Dalton Papalii has continued where he left off after a shock All Blacks call-up last year. Patrick McKendry spoke to the Blues loose forward who is powering to new heights.
The danger with making the All Blacks in your first year of Super Rugby is that your second year can be a major disappointment if it doesn't quite measure up.
For Blues loose forward Dalton Papalii, who played tests against Japan and Italy last November, there has been no "second-year syndrome", at least in Super Rugby anyway.
Along with fellow flanker Tom Robinson, midfielders TJ Faiane and Ma'a Nonu and wing Tanielu Tele'a, Papalii, still only 21, has been a success story for his side this season – particularly on defence.
This was an area of his game so prominent for Auckland as they swept to last season's Mitre 10 Cup triumph. There is refinement still to come but Papalii has size, durability and the ability to play all three loose forward positions and his form this season for an up-and-down Blues team suggests he must still be in the All Blacks frame.
"It gives me a lot of confidence; the first year with all that happening, I was sort of shocked and quite speechless with how that year went," Papalii told the Herald.
"Starting this year, there was pressure that came with that but I know I'm young and I'm learning a lot."
With impressive blindside flanker Tom Robinson on the reserves bench after missing last weekend's defeat to the Hurricanes with concussion, Papalii will start in the No 6 jersey against the Chiefs at Eden Park tomorrow.
If anything, Papalii may be a victim of his own versatility – and the presence of Robinson, Blake Gibson and Akira Ioane – because it has not been easy for him to get starts this season once Gibson returned from injury, but time is on his side and he has impressed with virtually every opportunity.
At 1.91m and 95kg, but with genuine pace which he revealed in scoring a try in the corner after blowing past Beauden Barrett last weekend, it may be that Papalii's long-term position is openside flanker.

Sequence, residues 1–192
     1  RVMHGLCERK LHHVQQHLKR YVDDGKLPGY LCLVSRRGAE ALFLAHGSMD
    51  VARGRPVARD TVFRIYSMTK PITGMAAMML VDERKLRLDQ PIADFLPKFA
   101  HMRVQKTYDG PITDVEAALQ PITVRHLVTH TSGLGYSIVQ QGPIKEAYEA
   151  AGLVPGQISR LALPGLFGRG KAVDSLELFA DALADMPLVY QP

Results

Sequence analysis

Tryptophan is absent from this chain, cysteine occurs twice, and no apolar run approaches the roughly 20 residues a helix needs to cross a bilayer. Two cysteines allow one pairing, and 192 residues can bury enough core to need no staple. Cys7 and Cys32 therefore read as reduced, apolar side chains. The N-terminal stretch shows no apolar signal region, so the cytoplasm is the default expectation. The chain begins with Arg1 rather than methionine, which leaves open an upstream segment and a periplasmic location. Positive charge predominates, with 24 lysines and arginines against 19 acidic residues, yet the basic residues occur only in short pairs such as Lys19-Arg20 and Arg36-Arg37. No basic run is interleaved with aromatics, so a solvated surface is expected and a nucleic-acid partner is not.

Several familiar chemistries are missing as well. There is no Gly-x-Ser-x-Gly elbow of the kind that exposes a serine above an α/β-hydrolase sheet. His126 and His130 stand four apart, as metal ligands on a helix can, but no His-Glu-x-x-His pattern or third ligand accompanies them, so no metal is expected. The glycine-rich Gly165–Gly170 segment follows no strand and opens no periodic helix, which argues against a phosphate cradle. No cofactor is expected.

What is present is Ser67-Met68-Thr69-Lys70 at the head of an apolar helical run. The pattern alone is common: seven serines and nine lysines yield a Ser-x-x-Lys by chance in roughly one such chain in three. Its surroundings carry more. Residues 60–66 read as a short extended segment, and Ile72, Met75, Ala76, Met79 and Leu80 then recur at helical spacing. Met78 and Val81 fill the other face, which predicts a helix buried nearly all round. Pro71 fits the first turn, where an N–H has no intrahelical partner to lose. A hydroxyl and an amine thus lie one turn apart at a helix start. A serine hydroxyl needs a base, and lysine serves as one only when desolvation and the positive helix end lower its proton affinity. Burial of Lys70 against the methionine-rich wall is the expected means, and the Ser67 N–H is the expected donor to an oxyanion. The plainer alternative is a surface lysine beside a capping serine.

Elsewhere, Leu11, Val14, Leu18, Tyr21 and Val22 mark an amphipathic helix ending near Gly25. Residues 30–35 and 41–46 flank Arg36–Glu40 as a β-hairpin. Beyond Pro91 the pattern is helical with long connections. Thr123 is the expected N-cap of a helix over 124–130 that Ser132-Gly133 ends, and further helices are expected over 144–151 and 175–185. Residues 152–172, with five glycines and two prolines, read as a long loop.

"I've played 7, 8 and 6," he said. "I just have to keep doing what I have to. I'm playing 7 mostly, or 6 - wherever they chuck me I'm happy with."
A big factor in Papalii's All Blacks opportunities last year was Sam Cane's broken neck suffered in the test against South Africa in Pretoria last October.
Cane has been named on the Chiefs reserves bench and there is genuine respect among the Blues players for Cane's comeback.
"He's up there with the best," Papalii said. "Credit to him – it was a serious injury and you don't wish any player to get that. It will be awesome to see him back in the Chiefs jersey."
The welcome won't extend to the Chiefs in general because there will be little love lost at Eden Park as the Blues attempt to gain revenge for their 33-29 defeat at Waikato Stadium last month.
There was huge disappointment among the Blues for their failure to convert their pressure against the Hurricanes into points and they are intending to be far more ruthless against the Chiefs.
"We're trying to cut out our errors because it's our mistakes that are letting us down. We feel as a team we're good enough to beat anyone.
"We haven't been getting smashed off the park, we're losing games by a few points – maybe a try and a bit. We know we're our own worst enemy. The Canes scored their tries off our mistakes.
"Every game is a big game but there's always been that little edge between the Blues and Chiefs. They're coming to our home ground and we want to make a stand."